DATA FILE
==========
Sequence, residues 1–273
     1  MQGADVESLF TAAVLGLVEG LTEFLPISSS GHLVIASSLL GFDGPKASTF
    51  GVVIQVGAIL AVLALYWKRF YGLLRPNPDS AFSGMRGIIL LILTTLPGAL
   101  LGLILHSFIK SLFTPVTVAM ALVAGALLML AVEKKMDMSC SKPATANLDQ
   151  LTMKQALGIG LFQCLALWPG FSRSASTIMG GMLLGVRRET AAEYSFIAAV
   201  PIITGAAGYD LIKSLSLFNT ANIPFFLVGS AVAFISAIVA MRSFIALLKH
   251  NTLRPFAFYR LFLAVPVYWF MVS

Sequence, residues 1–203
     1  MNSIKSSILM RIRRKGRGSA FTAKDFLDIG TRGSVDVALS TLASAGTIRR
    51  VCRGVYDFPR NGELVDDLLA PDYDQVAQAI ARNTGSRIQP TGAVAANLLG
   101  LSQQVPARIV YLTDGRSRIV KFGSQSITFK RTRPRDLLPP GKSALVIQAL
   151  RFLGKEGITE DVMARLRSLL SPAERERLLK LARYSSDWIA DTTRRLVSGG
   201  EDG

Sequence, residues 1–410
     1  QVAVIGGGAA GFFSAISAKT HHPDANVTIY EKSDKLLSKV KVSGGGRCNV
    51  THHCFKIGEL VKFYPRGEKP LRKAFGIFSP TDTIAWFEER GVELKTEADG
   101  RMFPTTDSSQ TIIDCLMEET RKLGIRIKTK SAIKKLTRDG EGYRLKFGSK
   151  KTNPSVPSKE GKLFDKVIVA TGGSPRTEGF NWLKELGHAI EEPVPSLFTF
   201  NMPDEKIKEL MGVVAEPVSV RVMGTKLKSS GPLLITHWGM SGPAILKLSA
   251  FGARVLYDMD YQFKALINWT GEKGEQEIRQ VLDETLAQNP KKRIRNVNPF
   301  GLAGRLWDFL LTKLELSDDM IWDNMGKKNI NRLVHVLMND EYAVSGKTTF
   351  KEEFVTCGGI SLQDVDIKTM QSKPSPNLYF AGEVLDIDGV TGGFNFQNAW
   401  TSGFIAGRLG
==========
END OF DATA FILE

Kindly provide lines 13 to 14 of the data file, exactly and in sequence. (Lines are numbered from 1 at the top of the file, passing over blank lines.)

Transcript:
   201  EDG

Sequence, residues 1–410